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Scott Rall: The best dog in the whole wide world

BY SCOTT RALL

The Globe outdoors columnist

A social media person I am not.  I do have a Facebook page and follow it every once in a while.

I saw a post from Project Upland with a video of a guy with his very first dog. It followed him and the dog for about the first two years and showed how having the dog changed him and his lifestyle.

It made me think back to the first dog I had as a young adult. I have had many dogs growing up, and most of them were from the pound -- Heinz 57 varieties and all good pets.

My first attempt at a hunting dog was a Chesapeake Bay Retriever.  She was a great dog that I had for only a short while. I got the dog as a gift from my wife, and shortly thereafter I got a new job that required I get to work early and stay later then I was used to. It was winter time.

The young dog deserved more attention than it was getting from me, and the future with the new job did not look any brighter. I sold that dog to friend for $250 less than we paid for it, but it was going to get the treatment and attention it deserved. It was hard, but it was the right thing to do at the time.

Next was a pound dog that ended up very sick and at age 2 had to be put to sleep. It was a Labrador/golden retriever cross. A heartbreak, for sure.

Much time passed until I got my very first AKC Labrador from Round Lake kennels. Her name was Scout. My daughter Brittany named the dog after a girl in the book, “To Kill a Mockingbird.” I have not yet read the book.

The dog was a game-changer for me. I worked on training the dog with help from a professional trainer. I did things right and in the end I had, you know, “the best dog in the whole world.”

I try hard not to brag or boast about my dogs.  There is an old saying, “Your dog’s actions speak louder than your words ever can.”  I agree.

Scout was a learning experience for me.  I made more than a few mistakes, but if you never lose your cool the dog can make up for the owner’s inexperience.

The key to training a dog is as much in training the owner as the dog. The difference between a professional and an amateur is knowing when to lean in and when to back off.  If the dog knows what you want and does not want to do it, that is the time to lean in a little. If the dog wants to do it right but does not know how, that is the time to back off, take a breath and repeat the training session a few more times.

If there is one thing I learned early on, it was that every dog is different. Folks will read a book, and if it says the dog is supposed to be doing this one thing at six weeks of age, they think every dog should master that skill at six weeks.  The same goes for six months, and so on.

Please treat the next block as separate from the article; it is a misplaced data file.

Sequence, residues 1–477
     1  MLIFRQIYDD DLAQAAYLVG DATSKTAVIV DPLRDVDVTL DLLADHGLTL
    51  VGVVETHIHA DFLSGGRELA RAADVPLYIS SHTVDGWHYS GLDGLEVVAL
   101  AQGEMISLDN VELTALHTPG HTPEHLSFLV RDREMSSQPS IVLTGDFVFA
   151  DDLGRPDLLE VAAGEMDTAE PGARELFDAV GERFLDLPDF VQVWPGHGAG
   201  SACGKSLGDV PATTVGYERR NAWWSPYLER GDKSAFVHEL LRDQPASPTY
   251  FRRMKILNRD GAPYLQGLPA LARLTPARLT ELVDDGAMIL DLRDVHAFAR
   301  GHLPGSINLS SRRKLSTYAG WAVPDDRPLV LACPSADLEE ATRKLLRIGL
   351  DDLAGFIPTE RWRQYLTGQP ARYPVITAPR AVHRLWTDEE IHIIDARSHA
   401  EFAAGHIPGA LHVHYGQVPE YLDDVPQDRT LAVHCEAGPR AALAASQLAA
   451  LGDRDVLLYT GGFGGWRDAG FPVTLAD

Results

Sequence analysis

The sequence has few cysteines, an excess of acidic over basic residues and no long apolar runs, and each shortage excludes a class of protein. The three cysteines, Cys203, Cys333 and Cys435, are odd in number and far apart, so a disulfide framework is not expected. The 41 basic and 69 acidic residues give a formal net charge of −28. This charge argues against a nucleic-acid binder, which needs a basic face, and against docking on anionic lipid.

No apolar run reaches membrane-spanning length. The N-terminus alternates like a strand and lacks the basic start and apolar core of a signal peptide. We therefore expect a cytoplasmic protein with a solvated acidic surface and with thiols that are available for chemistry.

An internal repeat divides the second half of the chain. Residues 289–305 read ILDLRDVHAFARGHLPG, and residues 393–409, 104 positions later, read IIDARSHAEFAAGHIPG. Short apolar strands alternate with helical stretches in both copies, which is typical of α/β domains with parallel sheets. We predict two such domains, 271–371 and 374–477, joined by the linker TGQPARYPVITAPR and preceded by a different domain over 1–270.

Some dogs take to training earlier than others. I have seen dogs at a year that were still in the puppy stage. Just because your dog has a big body does not mean he has the big brains to go with it.

Scout was a tender dog. She always wanted to please me and it took very little pressure to get her to perform as I wanted.  She always sat on her tail. I have never seen any other dog do this. She hunted great but she also hunted slow. We would not cover as much ground as the other hunters in our group, but we always shot as many birds as they did.

Scout never barked even one time that I can remember. It was a nice trait. She also had a soft mouth. She was the only dog I have ever owned that if she caught a hen pheasant, she would bring it to me and I could let it fly away out of my hand.

All of my other dogs will give the bird enough of a squeeze that they will not survive to be released.

Scout was a yellow lab but almost white in color. She was a sorry looking sight if she ever got in the mud. She stood out from other dogs in that she could go to where a bird had fallen 30 minutes earlier and track the scent until she found it.

My current dogs are not as good at tracking a cripple as she was. I compensate for that by hunting more than one dog at a time.

Scout was a one in a million dog for me.  She was my first trained hunting dog and she lived until she was about 13.

The guy in the video was changed when he got his first dog. I am the same. My life centers around my four dogs and I have the dog truck to prove it. My movements are dictated around the needs and requirements of my Labradors.

This is not a life for everybody but it is the one I chose for myself. It’s a commitment I started back in 1996, and as long as I’m able it’s one I will keep doing.

Life with a dog is better than a life without one.